Nettles grow quite abundantly in Saanich and are rich in vitamins A, C, D and also high in calcium, magnesium and iron. (Photo submitted)

LOCAL FLAVOUR: Taking the sting out of nourishing nettles

Linda Geggie

For the Saanich News

When you think of nettles you might first balk at the stinging part of the plant and want to give them a wide berth. But think again.

This local flavourful plant is rich in vitamins A, C, D and also high in calcium, magnesium and iron. Although you won’t find them in the grocery store, you might might think of them more along the lines of some of the usual suspects like kale and other leafy greens that you find there.

Nettles grow quite abundantly in Saanich. I was happy to discover a patch growing along our driveway. You can generally find nettles in disturbed areas, especially along paths and roadways. You might also see them in clearings and along waterways. It is the leaves that are generally harvested.

Nettle leaves are best to eat until they flower, which is usually in the summer. They are most tender in March and April, but the way this spring is going I am going to bet we are going to be harvesting them well into May and June.

If you are feeling game to try them and you haven’t harvested them before it is good to know how to do so safely. It is important to wear gloves because of tiny hairs that can sting your hands. I would recommend using scissors to cut off the top six leaves or so on each plant. If you look at the stalk the leaves grow in pairs on either side. Just cut off the top, then the plant can continue to grow.

Then, still wearing your gloves you can wash and drain them and carefully remove the stems. If you heat, dry or freeze the nettles it gets rid of the hairs that sting so don’t worry you will not get any nasty surprises with that first mouthful.

I generally take the leaves and boil them for a few minutes until the greens have wilted. Then you can drain them and either chop them up right then or store them for up to about five days in the refrigerator in an airtight container. You can use the chopped up leaves in just about everything from omelettes to putting on pizza. The options are really quite limitless. I have heard everything from steaming nettles to eat like spinach, to making nettle pesto, nettle tea, putting nettles in soups and stews, and even nettle hummus or nettle beer.

WSANEC elder Anna Spahan advised that nettle tonics have been used for generations for keeping hair healthy and to maintain its colour. You can boil the nettles in water and then use the water to rinse your hair. It is said that nettles are a natural remedy for grey hair. If you google nettles you will also see that there are many medicinal uses for nettle and it is used to treat everything from arthritis to eczema to anemia.

When we think of our foods we think about the grocery store or our gardens but we can also be grateful for, and celebrate plants like nettle. Nettles are both nutritious and medicinal and a great example of what nature so generously provides for us. Be adventurous and give them a try.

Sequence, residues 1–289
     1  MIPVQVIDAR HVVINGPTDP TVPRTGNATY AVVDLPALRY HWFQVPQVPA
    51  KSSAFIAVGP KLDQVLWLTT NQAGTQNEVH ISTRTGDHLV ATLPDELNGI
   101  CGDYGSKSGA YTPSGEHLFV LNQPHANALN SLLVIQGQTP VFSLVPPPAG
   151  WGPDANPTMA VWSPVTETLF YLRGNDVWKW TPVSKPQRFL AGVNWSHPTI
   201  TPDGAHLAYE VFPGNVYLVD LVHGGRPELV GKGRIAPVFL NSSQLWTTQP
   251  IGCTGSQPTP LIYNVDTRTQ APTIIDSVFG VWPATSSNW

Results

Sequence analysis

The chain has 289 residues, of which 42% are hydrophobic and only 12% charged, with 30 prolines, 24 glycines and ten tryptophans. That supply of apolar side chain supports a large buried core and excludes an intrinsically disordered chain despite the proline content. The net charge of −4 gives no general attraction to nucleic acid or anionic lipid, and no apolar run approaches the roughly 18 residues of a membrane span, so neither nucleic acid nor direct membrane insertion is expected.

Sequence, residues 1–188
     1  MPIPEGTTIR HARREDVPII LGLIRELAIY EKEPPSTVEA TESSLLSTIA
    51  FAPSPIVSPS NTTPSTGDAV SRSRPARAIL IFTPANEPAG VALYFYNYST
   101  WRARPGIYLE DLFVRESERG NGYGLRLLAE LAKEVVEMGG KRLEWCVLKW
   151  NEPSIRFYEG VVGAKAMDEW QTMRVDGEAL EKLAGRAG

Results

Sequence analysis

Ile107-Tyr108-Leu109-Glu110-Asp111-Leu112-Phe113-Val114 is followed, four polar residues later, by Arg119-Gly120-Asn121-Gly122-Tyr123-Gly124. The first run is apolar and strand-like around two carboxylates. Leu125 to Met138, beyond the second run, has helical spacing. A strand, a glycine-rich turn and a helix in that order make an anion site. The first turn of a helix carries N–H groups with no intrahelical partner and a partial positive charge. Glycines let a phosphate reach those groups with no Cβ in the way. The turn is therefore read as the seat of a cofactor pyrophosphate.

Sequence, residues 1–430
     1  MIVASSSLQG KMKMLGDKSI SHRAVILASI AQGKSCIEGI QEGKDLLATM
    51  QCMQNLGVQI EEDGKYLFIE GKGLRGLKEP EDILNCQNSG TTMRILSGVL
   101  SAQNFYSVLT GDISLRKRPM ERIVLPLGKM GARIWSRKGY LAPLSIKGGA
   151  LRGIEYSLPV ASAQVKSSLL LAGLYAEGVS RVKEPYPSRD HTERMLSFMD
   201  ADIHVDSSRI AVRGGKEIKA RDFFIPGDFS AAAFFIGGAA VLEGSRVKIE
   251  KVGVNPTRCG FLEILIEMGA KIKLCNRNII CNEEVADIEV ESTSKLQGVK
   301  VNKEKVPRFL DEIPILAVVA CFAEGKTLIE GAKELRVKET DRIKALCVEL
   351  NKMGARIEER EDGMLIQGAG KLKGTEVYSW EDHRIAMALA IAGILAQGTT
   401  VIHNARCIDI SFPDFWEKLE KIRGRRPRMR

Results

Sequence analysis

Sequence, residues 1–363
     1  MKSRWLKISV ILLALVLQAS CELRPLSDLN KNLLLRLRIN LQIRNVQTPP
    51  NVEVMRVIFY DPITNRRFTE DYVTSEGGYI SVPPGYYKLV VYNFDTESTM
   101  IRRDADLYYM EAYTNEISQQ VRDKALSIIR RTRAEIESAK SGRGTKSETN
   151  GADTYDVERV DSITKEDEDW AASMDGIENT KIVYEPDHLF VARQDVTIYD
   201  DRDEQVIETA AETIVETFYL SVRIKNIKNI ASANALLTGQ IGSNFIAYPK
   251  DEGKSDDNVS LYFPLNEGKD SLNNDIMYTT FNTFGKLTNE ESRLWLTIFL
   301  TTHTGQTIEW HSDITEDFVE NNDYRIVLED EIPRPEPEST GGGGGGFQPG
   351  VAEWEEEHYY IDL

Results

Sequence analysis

Linda Geggie is the executive director with the Capital Region Food and Agriculture Initiatives Roundtable and can be reached at lgeggie@cfair.ca.

Just Posted

Penelakut filmmaker Steve Sxwithul’txw finds success in film and TV

Cop-turned-storyteller reaches back to his past for Tribal Police Files

Choir offers a capella take on Beatles hits

Soundings will perform concerts in Oak Bay and Sidney May 24 and 25

VIDEO: Scorpion found in B.C. woman’s kitchen finds new home in Victoria

The Victoria Bug Zoo welcomed the scorpion on Saturday

B.C. getting less bang for its buck

B.C.’s CPI topped 2.7 per cent in April 2019, compared to two per cent for all of Canada

VIDEO: Horseshoe pitching association appeals to Greater Victora youngsters

Youth horseshoe pitching club offers fun for all ages, says GVHPA

Update: Mother dead, child in critical condition after carbon monoxide poisoning at Shuswap campground

The woman was found unresponsive insider her tent and the youth was taken via air ambulance to hospital

Canada’s parole officers say correctional system has reached breaking point

About half of Canada’s federal parole officers work inside penitentiaries and correctional institutions

Montreal researchers create audible hockey puck for visually impaired players

Three years ago, Gilles Ouellet came up with the idea for a puck that makes a continuous sound

Vancouver Island MusicFest: ‘House bands’ from the golden age of rock and R&B

Some of America’s greatest session musicians are coming to the Comox Valley this summer

Former B.C. Greyhound bus drivers head to Penticton for goodbye party

Big bash runs until Sunday, funded by drink cans left behind on busses over the years

Boy, 12, arrested after allegedly pulling a knife on another child at a Surrey park

The child was later released into his parents’ custody as Surrey RCMP continue their investigation

Full-scale search underway for missing kayaker on Okanagan Lake

Kelowna Paddle Centre member Zygmunt Janiewicz, 71, failed to return from his ‘daily kayak’ on the lake

Bucks hammer Raptors 125-103 to take 2-0 playoff series lead

Toronto heads home in a hole after second loss to Milwaukee

Most Read